Is George Bush an Alcoholic?
During Bush’s first presidential campaign, I recall hearing a so-called expert argue that George Bush is an alcoholic and that if he is elected president he will likely relapse to heavy drinking due to the pressure of serving as president. Well, he completed eight years as president and never suffered a relapse despite all the pressure he was under. I have heard others imply that Bush is a dry drunk who has been saved by Alcoholics Anonymous (AA), but Bush does not attend AA. Notice how these myths develop with the intention of stigmatizing the accused by the label of sickness, which implies weakness. These accusations, however, are based on falsehoods and myths that many are eager to apply to anyone who has at one time abused drugs.
Bush often abused alcohol when he was a young man, and has admitted publicly that he quit drinking after his wife threatened to leave him if he did not stop. By the standard definitions of AA and the disease model, Bush is viewed as a classic alcoholic. What is irritating to the disease model proponents, however, is that Bush did not use the Twelve Steps theory or AA to stop his addiction to alcohol. He did what these theorists say is impossible—he just quit. He felt that it was no longer worth it and he decided that his marriage and other things were more important to him than his continuing addiction to alcohol.
Some argue that Bush is an alcoholic because he has maintained total abstinence all these years, but he maintains abstinence out of choice and not necessity. While many politicians in Washington DC, both Republican and Democrat, consume great quantities of alcohol as they shape national policy, Bush chooses not to use recreational drugs in any form. I admire him for his decision, but I am not in the least worried that he will go off the deep end if he decides to have a glass of wine. Instead, I believe Bush demonstrates the truth of what is happening today among all kinds of addicts, and that is they quit because they want to. Although this is denied by many in the media, popular culture, and the treatment industry, it is a fact, and Bush serves as a good example. It is the elephant in the room that no one sees.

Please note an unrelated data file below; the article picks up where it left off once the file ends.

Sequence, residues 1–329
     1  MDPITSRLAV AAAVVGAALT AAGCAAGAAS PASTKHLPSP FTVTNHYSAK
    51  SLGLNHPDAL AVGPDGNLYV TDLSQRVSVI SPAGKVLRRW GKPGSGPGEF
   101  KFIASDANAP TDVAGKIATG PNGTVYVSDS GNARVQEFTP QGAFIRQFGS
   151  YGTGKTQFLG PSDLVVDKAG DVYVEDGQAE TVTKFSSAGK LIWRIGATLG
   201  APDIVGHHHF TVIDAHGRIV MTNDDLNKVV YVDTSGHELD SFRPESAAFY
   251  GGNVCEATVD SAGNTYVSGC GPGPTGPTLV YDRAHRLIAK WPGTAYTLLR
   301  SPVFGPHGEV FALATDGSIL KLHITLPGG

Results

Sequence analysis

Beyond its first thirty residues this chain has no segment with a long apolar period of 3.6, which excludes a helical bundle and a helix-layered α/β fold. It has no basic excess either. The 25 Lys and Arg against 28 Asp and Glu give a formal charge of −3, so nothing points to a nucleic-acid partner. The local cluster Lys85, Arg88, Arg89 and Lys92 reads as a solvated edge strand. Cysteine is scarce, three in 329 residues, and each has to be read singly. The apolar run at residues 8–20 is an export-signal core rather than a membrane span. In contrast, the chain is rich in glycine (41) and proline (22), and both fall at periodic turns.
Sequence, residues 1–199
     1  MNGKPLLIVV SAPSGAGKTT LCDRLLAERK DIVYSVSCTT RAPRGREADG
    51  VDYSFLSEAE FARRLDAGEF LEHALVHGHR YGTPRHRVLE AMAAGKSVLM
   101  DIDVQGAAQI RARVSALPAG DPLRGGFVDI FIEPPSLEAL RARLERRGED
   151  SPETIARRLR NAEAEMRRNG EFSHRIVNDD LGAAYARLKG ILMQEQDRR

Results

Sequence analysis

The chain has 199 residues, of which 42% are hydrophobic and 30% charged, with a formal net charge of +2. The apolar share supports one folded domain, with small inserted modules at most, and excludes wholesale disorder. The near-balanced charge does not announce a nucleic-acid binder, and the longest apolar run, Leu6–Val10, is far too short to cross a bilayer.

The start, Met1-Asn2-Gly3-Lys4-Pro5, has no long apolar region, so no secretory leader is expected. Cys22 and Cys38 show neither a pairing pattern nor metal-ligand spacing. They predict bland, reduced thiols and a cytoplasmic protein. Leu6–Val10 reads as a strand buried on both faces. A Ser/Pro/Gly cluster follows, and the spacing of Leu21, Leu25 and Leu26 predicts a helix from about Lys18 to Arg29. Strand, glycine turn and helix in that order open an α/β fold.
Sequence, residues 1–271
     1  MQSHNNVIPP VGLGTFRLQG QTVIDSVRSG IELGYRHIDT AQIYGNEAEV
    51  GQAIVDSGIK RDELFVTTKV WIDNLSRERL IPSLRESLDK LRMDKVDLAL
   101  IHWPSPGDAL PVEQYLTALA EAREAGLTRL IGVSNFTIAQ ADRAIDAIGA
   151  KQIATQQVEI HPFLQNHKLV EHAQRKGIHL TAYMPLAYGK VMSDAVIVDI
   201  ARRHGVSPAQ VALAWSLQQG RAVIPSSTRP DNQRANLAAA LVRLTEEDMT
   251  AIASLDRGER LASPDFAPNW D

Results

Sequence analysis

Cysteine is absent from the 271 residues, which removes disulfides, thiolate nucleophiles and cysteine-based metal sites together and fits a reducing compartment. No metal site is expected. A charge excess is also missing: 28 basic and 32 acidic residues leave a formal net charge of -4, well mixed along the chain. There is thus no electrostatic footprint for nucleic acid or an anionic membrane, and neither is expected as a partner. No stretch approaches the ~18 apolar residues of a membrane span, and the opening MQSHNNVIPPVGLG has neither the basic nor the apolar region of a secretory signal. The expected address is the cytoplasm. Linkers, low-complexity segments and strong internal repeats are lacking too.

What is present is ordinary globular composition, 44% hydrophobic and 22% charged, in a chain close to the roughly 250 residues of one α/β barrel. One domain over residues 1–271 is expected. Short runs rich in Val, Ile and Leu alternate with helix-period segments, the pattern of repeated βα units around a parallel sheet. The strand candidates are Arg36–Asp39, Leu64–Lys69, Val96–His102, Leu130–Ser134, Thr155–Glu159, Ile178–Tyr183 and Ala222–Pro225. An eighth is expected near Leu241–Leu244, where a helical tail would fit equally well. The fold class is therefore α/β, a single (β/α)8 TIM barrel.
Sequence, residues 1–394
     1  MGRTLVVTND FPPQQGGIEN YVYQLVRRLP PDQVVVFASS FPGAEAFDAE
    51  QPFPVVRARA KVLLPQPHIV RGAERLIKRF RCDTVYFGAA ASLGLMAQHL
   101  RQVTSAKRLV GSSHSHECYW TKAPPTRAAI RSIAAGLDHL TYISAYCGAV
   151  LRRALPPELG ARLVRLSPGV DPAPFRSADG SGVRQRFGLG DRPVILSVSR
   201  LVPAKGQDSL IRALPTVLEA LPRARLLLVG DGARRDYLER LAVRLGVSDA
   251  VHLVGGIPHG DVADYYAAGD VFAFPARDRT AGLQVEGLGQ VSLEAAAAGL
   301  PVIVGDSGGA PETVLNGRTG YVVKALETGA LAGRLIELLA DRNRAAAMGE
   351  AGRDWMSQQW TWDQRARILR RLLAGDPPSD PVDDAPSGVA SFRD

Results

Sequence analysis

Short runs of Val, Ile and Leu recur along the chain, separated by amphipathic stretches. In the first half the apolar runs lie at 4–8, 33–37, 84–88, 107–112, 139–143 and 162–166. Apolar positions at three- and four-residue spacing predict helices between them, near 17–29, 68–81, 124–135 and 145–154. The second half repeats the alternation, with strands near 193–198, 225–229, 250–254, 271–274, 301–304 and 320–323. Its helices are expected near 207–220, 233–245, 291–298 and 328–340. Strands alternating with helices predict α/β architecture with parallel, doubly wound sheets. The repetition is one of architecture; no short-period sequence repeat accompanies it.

People quit serious addictions all the time without admitting they are helpless or any of the other steps in the Twelve Steps theory of addiction treatment. To label someone as an alcoholic, or a dry drunk, is to stigmatize them for life. To accuse someone in advance of being weak and not able to hold up under pressure without resorting to drugs is a cheap personal attack on someone’s character. What the example of Bush demonstrates is that God has given to each of us the ability within ourselves to make the hard choices about addictive behaviors.
J B Myers